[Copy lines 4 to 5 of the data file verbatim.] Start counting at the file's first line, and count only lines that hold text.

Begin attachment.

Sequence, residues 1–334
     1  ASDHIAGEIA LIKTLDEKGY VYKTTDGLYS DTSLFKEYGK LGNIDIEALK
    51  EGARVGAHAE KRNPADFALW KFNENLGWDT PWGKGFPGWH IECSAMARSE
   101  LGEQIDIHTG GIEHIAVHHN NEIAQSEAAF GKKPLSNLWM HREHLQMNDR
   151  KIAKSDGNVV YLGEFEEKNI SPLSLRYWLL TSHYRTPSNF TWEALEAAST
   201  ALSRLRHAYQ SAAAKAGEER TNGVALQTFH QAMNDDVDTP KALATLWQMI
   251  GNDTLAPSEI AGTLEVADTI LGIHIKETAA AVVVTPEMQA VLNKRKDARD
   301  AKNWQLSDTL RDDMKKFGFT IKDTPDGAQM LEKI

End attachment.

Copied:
   101  LGEQIDIHTG GIEHIAVHHN NEIAQSEAAF GKKPLSNLWM HREHLQMNDR
   151  KIAKSDGNVV YLGEFEEKNI SPLSLRYWLL TSHYRTPSNF TWEALEAAST